SURGICAL TREATMENT• Lungs transplantation requires surgery to replace one or both of your lungs with healthy lungs from a human donor.
COMPLICATION• Many different types of complication can occur with CF. The most complications affect the respiratory,and digestive tract. Respiratory system include :BronchiectasisChronic infectionCollapsed lungsNasal polyps
CON’T…• Digestive complication• Nutritional deficiencies• Diabetes• Blocked bile duct
PREVENTION• Actually,there is no way to prevent cystic fibrosis because it is genetic disorder.• But,if people or their partner has close relatives who have cystic fibrosis,they both might want to undergo genetic testing before having children of they own.• If woman already pregnant and the test shows that her baby may be at risk of cystic fibrosis, doctor can conduct additional tests on her developing child.
HEALTH TEACHING• Encourage patient avoid smoke, dust, dirt, fumes, household chemicals, fireplace smoke.• Teach patient clearing or bringing up mucus or secretions from the airways.
CON’T…• Encourage patient drinking plenty of fluids.• Encourage patient to do exercising two or three time a week.
NURSING CARE PLAN 1• Nursing diagnosis : Ineffective airway clearance related to excess tenacious mucus.• Expected outcome : To improve pulmonary, GI and pancreatic status.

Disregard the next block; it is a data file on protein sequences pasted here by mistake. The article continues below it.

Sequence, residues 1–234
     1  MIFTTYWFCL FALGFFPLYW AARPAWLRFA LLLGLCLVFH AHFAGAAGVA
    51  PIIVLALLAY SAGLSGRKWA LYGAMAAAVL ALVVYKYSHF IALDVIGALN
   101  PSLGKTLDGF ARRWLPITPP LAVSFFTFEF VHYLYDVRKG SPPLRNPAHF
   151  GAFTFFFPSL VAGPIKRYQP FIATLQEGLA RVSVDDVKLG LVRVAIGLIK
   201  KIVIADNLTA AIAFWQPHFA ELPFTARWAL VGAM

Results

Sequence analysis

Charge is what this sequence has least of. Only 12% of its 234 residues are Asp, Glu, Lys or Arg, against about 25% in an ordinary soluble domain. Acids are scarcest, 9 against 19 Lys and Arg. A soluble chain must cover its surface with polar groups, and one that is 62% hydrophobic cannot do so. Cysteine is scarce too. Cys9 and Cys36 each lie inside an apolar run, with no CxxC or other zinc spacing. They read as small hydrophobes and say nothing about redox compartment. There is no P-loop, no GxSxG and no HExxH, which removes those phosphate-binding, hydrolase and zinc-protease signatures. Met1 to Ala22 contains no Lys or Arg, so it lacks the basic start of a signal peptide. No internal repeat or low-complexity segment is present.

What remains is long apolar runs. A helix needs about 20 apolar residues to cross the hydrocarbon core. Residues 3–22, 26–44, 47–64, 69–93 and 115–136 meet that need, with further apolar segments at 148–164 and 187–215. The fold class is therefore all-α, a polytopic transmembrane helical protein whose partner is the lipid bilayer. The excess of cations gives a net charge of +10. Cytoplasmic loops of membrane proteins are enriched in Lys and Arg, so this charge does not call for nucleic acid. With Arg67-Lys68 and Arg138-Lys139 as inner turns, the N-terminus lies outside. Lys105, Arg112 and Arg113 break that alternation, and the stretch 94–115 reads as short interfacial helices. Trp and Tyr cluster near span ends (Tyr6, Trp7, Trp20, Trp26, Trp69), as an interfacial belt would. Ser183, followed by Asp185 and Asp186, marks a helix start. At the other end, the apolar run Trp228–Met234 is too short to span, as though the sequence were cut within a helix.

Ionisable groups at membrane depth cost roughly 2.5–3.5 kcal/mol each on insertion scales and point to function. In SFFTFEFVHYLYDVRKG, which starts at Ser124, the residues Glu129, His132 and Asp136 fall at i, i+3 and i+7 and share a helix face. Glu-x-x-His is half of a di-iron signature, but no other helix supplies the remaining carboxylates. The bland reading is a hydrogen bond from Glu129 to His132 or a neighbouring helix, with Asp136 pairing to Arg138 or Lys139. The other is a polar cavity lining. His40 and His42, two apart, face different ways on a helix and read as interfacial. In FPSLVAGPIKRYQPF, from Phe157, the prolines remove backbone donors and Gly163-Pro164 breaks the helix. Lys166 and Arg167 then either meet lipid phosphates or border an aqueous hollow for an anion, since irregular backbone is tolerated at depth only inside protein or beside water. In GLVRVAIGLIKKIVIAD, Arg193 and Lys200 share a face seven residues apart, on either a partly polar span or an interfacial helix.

Nursing Intervention RationalEncourage regular exercise Exercise helps maintain physical wellness and supplements the patients airways clearance strategies by helping to loosen pulmonary secretion.Administer oxygen therapy and receive digoxin To decrease the lungs work.and/or diureticsEncourage coughing, deep breathing exercise Promote lungs expansion, mobilization, andand frequent position changes drainage of secretions.Monitor respiratory rate, depth and work of Respiratory may remain somewhat rapidbreathing because hyperthyroid state, but development of respiratory distress is indicative of tracheal compression from edema or hemorrhage.Assist with repositioning, deep breathing Maintains clear airway and ventilation.exercises, and coughing as indicated
NURSING CARE PLAN 2• Nursing diagnosis : Imbalanced nutrition related to poor appetite and increased calorie expenditure.• Expected outcome : The patient’s weight will be stable at desired weight for height